Beautiful ukuleles painted by four Mahoning Valley students
By SAMANTHA PHILLIPS
The Hubbard Music store in the Eastwood Mall has unveiled 12 beautiful ukuleles that were painted by four Mahoning Valley students.
Taylor Begeot and Hannah Best of Hubbard High School, Alissa Rodgers of Lakeview High and Zion Jones of Liberty High were selected for the ukulele decoration project.
The art teachers who nominated them are Josh MacMillan of Hubbard, Jeff Piper of Lakeview and Sarah Frank of Liberty.
“It makes you proud to have students who are go-getters” Piper said.
MacMillan added the project gave students a real world application to use the skills they’ve learned.
The students were given three wooden ukuleles and the freedom to design them any way they wanted.
Hubbard Music owner Mark Tirabassi started the project to highlight local talent and sell uniquely designed ukuleles.
“I had expectations but I was blown away by how creative you are,” Tirabassi told the students.
Each student kept one of their ukuleles, and the other nine instruments will be sold by the store. The shop will sell the raw ukulele without a layer of clear coat for $59.99 or customers can add the coat and other finishings for $79.99.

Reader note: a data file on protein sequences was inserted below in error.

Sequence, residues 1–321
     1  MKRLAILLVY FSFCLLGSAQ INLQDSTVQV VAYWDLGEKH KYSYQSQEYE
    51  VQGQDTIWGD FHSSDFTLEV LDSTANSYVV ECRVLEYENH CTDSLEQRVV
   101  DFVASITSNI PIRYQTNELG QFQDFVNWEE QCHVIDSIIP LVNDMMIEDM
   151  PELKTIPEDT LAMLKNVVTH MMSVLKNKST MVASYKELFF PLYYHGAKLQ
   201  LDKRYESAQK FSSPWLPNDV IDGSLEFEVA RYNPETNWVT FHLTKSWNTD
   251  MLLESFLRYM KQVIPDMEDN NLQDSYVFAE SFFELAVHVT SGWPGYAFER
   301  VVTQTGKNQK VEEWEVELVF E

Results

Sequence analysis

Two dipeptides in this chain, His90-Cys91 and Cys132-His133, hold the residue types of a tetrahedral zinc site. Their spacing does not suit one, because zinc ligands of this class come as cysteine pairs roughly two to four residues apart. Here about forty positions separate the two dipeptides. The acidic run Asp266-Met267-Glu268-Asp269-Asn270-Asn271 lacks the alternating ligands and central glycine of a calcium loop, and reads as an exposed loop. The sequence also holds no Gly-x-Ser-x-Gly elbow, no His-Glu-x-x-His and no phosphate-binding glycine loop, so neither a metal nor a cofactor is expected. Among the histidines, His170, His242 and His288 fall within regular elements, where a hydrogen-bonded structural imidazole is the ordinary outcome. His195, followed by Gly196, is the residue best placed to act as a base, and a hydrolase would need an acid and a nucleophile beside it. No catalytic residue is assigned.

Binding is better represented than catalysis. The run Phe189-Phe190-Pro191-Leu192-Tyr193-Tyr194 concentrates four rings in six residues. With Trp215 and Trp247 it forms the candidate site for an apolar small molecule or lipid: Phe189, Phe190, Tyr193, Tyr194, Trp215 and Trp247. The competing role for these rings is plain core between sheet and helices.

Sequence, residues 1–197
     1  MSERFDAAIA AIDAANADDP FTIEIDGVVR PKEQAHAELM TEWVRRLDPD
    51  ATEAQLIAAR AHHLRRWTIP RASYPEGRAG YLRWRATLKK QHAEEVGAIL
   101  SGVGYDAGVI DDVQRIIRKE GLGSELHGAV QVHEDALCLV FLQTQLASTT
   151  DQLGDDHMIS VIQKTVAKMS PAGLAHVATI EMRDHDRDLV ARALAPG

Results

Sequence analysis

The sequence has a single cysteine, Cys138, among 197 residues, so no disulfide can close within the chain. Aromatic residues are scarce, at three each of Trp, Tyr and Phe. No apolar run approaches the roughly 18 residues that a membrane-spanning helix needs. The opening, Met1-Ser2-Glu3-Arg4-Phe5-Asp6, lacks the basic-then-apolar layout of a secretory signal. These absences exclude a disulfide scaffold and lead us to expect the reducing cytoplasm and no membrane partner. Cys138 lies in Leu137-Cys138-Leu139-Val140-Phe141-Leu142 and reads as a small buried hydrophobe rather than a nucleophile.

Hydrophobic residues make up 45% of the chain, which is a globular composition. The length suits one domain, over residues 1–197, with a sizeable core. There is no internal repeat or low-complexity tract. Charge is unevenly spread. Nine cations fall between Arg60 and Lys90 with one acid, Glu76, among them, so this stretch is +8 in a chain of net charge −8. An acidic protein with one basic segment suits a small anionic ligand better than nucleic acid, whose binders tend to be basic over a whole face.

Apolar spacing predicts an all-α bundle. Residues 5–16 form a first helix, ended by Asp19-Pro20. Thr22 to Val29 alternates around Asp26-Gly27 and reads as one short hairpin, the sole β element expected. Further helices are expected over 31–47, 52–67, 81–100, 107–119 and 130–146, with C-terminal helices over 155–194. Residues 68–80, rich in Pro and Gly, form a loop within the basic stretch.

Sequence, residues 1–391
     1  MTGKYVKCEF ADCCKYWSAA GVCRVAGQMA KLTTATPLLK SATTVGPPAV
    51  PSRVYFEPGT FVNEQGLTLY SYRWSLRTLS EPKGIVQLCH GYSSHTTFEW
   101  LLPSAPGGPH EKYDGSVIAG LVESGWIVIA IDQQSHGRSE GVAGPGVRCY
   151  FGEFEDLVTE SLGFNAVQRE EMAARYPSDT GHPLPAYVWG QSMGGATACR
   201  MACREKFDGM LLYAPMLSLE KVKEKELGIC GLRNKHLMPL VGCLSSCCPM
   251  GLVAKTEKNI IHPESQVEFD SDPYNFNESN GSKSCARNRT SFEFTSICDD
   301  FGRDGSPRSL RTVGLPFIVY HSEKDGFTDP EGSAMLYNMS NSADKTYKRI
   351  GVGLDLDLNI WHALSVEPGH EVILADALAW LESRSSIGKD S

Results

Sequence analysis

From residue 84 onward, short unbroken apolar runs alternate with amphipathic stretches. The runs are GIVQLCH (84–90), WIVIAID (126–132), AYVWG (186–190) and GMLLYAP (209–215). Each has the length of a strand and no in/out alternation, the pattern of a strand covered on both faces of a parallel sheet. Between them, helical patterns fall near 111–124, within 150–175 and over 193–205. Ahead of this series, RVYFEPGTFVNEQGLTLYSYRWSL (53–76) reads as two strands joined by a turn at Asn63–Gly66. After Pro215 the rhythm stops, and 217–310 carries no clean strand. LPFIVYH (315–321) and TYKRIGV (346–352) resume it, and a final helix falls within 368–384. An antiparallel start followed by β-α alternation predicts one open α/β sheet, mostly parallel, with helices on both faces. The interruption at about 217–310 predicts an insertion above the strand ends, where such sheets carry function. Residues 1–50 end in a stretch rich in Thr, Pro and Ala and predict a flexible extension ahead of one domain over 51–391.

One of Begeot’s ukuleles had a design with brains on the front, and on the back more brains and a closet with skeletons coming out. Another had an astronaut catching jellyfish with a net, and an astronaut wrapped up in octopus tentacles.
“I figured with ukuleles you usually think of flowers and Hawaiian themes, so I wanted to try something different,” she said.
Her grandfather, Tom Begeot, plans on buying one and said, “My sweetie did a great job. I’m proud of her.”
Jones, who wants to have an art career some day, said the project was a challenge because she normally draws rather than paints. One of her ukuleles featured a yellow butterfly, and another had a baby surrounded by buckets of paint with the words “Be you” on the side.
Her mother, Monica Jones, said she was proud of her daughter and thanked her art teacher, noting, “It’s a powerful thing when a teacher can see that gift in a student.”
Tirabassi said in the future he would like to expand the project to more schools and try different instruments as canvases.